A Cobb County judge sentenced former Glock Inc. CEO Paul Jannuzzo Wednesday to seven years in prison and 13 years on probation for conspiring with another former executive to pocket millions from the international gun manufacturer.
Jannuzzo, 56, also was fined $100,000 and ordered to serve 200 hours of community service upon his release. Jannuzzo has already spent 26 months in jail awaiting trial on the theft and racketeering charges, for which he was indicted in 2009. He will be given credit for time served.
A jury convicted Jannuzzo March 2 of conspiring with another former Glock executive, Dunwoody lawyer Peter Manown, to divert about $5 million from the company between 1991 and 2003 using cloned bank accounts, forged documents and fraudulently obtained loans. Jannuzzo also was convicted of stealing a pistol that had been loaned to him by the company.
Glock Inc., the North American subsidiary of the Austria-based gun manufacturer, is headquartered in Smyrna.
Manown, who reportedly profited the most from the partnership, pleaded guilty to three counts of theft in 2008 and was sentenced to 10 years on probation, with no jail time. In exchange for the plea, Manown agreed to cooperate with the investigation.
Defense attorney John Da Grosa Smith asked the judge to take into account Manown's comparatively light punishment when he sentenced Jannuzzo. He requested only a fine, community service or time on probation as punishment for his client.
Smith also put Jannuzzo's four siblings and his 80-year-old mother on the stand to testify about how much his family relies on him.
Jannuzzo's father died in 2009, and the loss of the family patriarch as well as the eldest son has been devastating for the family, said Jannuzzo's sister, AnnMarie Jannuzzo Mastria.
"The two of them are gone at the same time and it's hit everyone really hard," she testified. "My mom has had two heart attacks and she needs him there."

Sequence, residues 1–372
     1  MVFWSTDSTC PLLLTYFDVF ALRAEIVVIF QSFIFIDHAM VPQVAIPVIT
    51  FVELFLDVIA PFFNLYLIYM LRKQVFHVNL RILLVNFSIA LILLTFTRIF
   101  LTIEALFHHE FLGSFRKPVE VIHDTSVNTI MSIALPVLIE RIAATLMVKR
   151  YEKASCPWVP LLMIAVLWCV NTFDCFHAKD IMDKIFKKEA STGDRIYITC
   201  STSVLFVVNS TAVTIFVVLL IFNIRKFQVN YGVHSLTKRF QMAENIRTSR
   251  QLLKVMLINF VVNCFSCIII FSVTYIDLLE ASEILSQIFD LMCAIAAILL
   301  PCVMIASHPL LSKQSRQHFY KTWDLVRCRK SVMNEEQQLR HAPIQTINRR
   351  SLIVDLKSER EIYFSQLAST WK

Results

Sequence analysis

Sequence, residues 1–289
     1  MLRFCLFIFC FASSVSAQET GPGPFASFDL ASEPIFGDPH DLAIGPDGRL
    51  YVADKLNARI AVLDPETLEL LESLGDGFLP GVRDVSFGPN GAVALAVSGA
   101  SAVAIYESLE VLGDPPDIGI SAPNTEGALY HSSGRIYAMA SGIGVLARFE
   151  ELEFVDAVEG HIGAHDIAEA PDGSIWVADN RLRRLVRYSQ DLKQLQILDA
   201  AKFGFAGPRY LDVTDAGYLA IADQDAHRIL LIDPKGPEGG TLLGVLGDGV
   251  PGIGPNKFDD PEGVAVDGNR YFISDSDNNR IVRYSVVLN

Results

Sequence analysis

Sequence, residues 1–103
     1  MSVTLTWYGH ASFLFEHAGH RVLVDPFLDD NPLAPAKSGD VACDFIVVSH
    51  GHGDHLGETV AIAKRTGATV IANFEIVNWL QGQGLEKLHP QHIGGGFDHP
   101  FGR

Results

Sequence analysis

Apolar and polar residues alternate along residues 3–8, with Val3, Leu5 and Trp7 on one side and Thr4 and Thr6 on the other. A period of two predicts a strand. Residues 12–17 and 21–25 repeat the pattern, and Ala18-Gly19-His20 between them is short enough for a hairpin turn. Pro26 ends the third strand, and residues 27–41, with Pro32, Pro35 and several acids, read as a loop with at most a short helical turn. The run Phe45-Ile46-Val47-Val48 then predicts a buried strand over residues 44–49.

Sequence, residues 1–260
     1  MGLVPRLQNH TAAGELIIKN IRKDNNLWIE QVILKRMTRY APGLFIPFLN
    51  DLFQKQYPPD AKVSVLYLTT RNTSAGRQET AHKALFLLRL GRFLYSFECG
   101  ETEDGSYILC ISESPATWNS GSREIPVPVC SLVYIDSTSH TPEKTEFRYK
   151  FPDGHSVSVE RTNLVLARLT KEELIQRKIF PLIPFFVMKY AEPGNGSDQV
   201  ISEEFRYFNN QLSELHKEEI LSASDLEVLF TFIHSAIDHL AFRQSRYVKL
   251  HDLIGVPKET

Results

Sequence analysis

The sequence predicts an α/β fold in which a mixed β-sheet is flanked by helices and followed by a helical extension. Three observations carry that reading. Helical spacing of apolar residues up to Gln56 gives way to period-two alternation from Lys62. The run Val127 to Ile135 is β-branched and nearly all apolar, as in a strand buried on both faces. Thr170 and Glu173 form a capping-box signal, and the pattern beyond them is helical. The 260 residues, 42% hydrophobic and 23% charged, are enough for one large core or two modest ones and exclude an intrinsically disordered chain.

Jannuzzo, dressed in a jail uniform and bulletproof vest instead of the suit and tie he wore during the trial, wiped away tears as his sister spoke.
Frank R. Seigel, an attorney who was once retained by Jannuzzo to help with Glock product liability cases, testified Jannuzzo was a "brilliant" lawyer. He said Jannuzzo's peers held him in high regard while he served as the face of the gun industry in America throughout much of the 1990s.
Jannuzzo, a former New Jersey prosecutor, rose to prominence after he was hired by Glock Inc. to be its general counsel, defending the company against product liability lawsuits and patent infringements. He played a pivotal role in representing Glock not just in court, but before U.S. presidents, Congressional leaders and business tycoons. All that crumbled after his arrest, his lawyers argued.
"This man has been ruined," Smith told the judge prior to sentencing.
Prosecutor John Butters hinted there were really two Paul Jannuzzos -- the affable, loving one his friends and family saw, and the conniving, duplicitous employee that jurors heard evidence about. He pointed out that Manown voluntarily came forward in 2003 to Glock executives, admitted he stole from the company, and paid restitution.
In contrast, Jannuzzo has not accepted responsibility nor shown any remorse, Butters said.
Superior Court Judge LaTain Kell had little sympathy for Jannuzzo.
"You were entrusted basically with keys to the kingdom," Kell told Jannuzzo. "You were given the opportunity to write checks, form corporations on behalf of the company, and take all manners of action on behalf of the company. By placing that amount of trust in you, they allowed you -- much to their detriment -- to steal from them."
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